A bursa is a closed fluid-filled sac that functions as a gliding surface to reduce friction between tissues of the body. "Bursae" is the plural form of "bursa." The major bursae are located adjacent to the tendons near the large joints, such as the shoulders, elbows, hips, and knees. When the bursa becomes inflamed, the condition is known to as "bursitis." Most commonly, this is a noninfectious condition (aseptic bursitis) caused by inflammation resulting from local soft tissue trauma or strain injury. On rare occasions, the hip bursa can become infected with bacteria. This condition is called septic bursitis. Although uncommon, the hip bursa can become inflamed by crystals that deposit there from gout or pseudogout.
Where Does Bursitis Occur?
Here are some of the areas in which teens most commonly get bursitis:
- Elbow. Because the elbow is an essential part of many activities, like throwing a ball or swinging a tennis racket, elbow bursitis is one of the most common types of bursitis in teens.
- Knee. Bursitis in the knee can be the result of falling directly on the knee or any activity that requires long periods of kneeling.
- Hip. Bursitis of the hip is often associated with running injuries.
- Shoulder. Bursitis of the shoulder can be the result of something as simple as an awkward fall or as complicated as a rotator cuff injury (the rotator cuff keeps the shoulder secure).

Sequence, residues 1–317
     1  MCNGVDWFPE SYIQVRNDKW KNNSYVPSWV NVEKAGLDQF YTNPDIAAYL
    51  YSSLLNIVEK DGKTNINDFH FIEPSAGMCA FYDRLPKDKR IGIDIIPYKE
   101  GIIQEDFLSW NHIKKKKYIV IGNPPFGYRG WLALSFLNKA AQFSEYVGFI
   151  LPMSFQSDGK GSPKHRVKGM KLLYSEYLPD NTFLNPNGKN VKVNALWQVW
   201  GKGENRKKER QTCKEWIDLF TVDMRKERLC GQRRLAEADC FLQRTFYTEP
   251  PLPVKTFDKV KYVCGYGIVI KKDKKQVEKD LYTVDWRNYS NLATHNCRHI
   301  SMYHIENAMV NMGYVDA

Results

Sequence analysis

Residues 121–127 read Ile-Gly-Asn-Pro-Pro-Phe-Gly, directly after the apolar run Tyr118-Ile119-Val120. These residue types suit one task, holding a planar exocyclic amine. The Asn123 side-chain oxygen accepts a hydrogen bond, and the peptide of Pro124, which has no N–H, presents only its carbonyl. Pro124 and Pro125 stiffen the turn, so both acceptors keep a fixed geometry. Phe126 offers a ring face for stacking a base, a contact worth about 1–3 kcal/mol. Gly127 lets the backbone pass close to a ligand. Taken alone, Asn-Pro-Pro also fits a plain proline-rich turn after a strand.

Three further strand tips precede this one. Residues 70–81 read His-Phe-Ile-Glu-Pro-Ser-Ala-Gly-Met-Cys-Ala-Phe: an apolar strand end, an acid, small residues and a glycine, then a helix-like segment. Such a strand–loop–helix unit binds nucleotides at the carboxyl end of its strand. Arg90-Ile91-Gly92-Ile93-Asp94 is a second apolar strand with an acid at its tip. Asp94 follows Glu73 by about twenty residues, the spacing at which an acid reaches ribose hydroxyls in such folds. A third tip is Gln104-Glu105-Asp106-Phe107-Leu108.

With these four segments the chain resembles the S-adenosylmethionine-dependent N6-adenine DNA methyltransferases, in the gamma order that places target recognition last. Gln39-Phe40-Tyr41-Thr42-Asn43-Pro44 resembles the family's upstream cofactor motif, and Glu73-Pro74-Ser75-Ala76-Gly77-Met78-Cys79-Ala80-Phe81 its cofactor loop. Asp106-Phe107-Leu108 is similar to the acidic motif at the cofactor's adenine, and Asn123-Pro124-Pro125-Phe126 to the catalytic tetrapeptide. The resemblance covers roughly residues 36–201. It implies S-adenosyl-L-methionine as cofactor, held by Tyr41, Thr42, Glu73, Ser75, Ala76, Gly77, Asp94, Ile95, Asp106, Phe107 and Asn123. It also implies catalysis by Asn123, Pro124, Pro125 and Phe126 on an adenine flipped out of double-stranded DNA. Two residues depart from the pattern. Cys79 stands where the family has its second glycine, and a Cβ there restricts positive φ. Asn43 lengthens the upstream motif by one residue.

- Ankle. Someone who goes overboard jumping, running, or walking can get ankle bursitis. Just wearing the wrong type of shoes for a particular activity can lead to ankle bursitis.
A bursa can become inflamed from injury, infection (rare in the shoulder), or due to an underlying rheumatic condition. Examples of bursitis include injury as subtle as lifting a bag of groceries into the car to inflame the shoulder bursa (shoulder bursitis), infection of the bursa in front of the knee from a knee scraping on asphalt (septic prepatellar bursitis), and inflammation of the elbow bursa from gout crystals (gouty olecranon bursitis).
Symptoms of Bursitis:
Bursitis can cause a number of different symptoms:
- Pain and sensitivity in or around a joint. This is the most common and obvious sign that a person may have bursitis.
- Difficulty moving the affected joint. This happens because the bursa has swollen and made it tough to move the joint properly.
- Reddening of the skin. The inflamed bursa may cause the skin around the joint to change color.
- Burning. The irritated bursa can cause the skin to sting and feel warmer than usual.